The Power of Informal Networks and Emotions
On Employee Satisfaction and Retention
A financial services company doubled in size in only three years while maintaining an impressive 15% year-on-year sales growth. As they went through this enormous growth, it was critical for them to keep morale high.
As one of their senior executives emphasized:
“We don’t want to leak social capital. We cannot afford to lose existing employees while we hire new ones. We need to put our efforts on social plumbing.”
Employee satisfaction is key to employee retention. If people are happy, engaged, and motivated, they’re more likely to stick around, which benefits both your company and customers.
Therefore, every year, Innovisor worked with them to uncover insights into their organizational informal networks and engagement to strengthen employee satisfaction and retention.
The company reached “normal” levels of employee satisfaction after three years but aimed for more. They required the project team to strive for exceptional levels, challenging them to surpass the average.
The key to this ambitious objective was found in the organizational networks – specifically how emotions and support moved through the influence network. They could not afford NOT to engage with the informal opinion leaders or influencers, better known as the #ThreePercentRule.
Satisfied And Dissatisfied People Cluster: Unveiling Amplified Opinions And Feelings
Innovisor’s 15+ years of experience had already shown that emotions could spread through the informal networks of organizations, and this case only confirmed it once more.
However, the major discovery for this financial services company was that the engaged and disengaged people clustered together, and engagement and disengagement were driven by the informal influencers that shaped employee perceptions. The disengaged influencers had a negative impact on the perceptions of their cluster, while the engaged influencers had a positive impact.
The Story Of Adam – A Dissatisfied Influencer
In the middle of the below network visualization sits ‘Adam’ who is unhappy with his company. When asked if he would recommend his workplace to a friend, he responded negatively. This does not make him a negative person. On the contrary, Adam is trusted by many people. They seek him out for help and advice and see him as a sympathetic person.
Being a dissatisfied influencer is, however, a cause for concern. As evident in the image below, his influence can easily affect the morale and motivation of other employees.
Scroll from left to right to see the effect of Adam’s influence on his connections and his connections’ connections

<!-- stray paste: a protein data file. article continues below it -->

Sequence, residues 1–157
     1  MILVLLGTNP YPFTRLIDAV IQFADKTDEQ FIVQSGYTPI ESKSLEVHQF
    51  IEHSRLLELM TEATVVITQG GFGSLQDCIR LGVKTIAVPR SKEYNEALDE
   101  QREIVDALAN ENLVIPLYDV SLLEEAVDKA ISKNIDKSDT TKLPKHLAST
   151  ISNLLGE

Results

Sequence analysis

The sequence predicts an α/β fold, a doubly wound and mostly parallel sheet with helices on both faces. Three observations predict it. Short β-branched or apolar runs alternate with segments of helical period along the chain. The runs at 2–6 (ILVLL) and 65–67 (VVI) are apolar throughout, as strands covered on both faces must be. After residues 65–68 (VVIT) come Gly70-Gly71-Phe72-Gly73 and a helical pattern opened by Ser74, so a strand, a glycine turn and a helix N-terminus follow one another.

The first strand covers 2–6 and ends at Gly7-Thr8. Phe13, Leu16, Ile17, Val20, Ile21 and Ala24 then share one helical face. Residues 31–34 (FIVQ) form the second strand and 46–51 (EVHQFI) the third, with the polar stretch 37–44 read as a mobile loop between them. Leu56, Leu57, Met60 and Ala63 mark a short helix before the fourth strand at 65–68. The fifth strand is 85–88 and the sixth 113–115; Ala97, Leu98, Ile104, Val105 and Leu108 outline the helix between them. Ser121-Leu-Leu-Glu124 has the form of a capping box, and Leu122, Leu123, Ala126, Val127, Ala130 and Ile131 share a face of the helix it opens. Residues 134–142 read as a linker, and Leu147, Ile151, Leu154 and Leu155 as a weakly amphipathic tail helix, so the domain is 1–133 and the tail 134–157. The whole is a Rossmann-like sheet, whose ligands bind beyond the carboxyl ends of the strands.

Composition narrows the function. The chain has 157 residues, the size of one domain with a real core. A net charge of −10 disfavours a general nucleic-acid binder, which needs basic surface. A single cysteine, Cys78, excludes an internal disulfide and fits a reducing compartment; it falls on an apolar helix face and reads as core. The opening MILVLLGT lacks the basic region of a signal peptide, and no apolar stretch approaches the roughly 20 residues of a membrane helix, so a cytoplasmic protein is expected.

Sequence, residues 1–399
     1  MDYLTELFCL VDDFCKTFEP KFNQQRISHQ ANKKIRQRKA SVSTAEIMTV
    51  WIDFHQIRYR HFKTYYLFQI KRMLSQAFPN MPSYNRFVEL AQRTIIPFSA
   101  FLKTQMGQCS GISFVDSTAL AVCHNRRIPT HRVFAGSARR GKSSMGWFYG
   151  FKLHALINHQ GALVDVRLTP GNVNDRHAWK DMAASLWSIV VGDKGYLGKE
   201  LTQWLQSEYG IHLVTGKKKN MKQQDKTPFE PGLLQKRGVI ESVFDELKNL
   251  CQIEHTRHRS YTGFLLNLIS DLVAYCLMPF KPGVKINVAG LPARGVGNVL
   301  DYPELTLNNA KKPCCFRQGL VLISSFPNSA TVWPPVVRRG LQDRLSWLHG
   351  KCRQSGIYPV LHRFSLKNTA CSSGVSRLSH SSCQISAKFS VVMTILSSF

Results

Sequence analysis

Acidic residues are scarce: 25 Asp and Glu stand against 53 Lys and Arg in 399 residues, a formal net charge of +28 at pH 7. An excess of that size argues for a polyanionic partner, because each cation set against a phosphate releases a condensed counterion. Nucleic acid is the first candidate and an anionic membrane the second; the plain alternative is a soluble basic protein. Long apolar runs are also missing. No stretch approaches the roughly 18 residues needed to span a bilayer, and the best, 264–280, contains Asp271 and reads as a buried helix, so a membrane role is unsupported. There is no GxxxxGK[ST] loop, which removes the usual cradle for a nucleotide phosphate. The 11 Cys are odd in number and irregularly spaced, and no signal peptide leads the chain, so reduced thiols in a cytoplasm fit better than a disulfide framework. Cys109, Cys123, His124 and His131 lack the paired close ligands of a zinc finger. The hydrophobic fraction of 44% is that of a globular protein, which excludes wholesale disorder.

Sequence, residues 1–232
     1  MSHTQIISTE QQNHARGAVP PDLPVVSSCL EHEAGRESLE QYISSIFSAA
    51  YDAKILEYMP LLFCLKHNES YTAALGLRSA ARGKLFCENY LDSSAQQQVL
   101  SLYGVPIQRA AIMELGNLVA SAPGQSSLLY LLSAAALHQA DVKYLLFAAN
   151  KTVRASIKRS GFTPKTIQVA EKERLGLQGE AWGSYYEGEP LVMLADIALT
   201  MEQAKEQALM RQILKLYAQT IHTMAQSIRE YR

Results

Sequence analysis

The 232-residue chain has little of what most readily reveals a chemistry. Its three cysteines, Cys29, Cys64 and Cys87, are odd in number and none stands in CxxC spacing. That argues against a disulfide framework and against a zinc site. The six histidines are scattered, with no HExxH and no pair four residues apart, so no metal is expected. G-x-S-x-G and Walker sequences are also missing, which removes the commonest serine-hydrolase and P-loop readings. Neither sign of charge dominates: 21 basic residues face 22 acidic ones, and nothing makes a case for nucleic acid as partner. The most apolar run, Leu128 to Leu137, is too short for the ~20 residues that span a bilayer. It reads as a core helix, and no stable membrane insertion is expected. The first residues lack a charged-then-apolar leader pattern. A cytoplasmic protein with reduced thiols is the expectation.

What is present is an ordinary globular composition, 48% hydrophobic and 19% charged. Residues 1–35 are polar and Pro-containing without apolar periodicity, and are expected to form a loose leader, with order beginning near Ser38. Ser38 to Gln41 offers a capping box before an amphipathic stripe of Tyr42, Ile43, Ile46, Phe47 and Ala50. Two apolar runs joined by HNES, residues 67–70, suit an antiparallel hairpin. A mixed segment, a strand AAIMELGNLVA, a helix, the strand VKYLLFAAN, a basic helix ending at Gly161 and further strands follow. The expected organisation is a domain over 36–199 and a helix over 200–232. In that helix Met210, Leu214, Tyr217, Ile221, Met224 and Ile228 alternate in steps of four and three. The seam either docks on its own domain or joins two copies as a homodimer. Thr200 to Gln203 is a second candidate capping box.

You may think that this is just an isolated case inside.
The answer is: NO! It isn’t!
The Story Of Ellen – A Satisfied Influencer
In the middle of the below visualization sits ‘Ellen’. Contrary to Adam, Ellen recommends the company as a great workplace. Her influence is contagious to her network. Not only Ellen’s connections but also the connections of Ellen’s connections show a positive picture.
There are of course still people who are not outspoken promoters of the company – those in yellow. They are less likely to recommend the company to others and still may be more susceptible to leaving the company for a better opportunity. That’s similar to Adam’s influence network. However, the big difference is that those who are less likely to recommend the company in Ellen’s influence network are surrounded by people who actively recommend the company.
Scroll from left to right to see the effect of Ellen’s influence on her connections and her connections’ connections
Improve Employee Satisfaction With The Insight Into Networks and Influence
This financial services company confirms what we have seen in so many years: it is crucial to recognize the power of emotions and commitment through networks.
In conclusion, this financial services company recognized the importance of understanding informal networks and the flow of emotions and feelings within them to improve employee satisfaction and retention. By going beyond traditional engagement surveys and leveraging insights into organizational networks and key influencers, they were able to target their actions more effectively and create a positive cycle of emotions and commitment through networks.
By listening attentively to influencers, building trust and engagement with them, and using their input to inform organizational-wide initiatives, they already achieved significant improvements after tracking how sentiments and commitment of influencers changed. They also have recalibrated certain actions, to increase the chances of a further improvement in their employee satisfaction, ultimately leading to greater business success.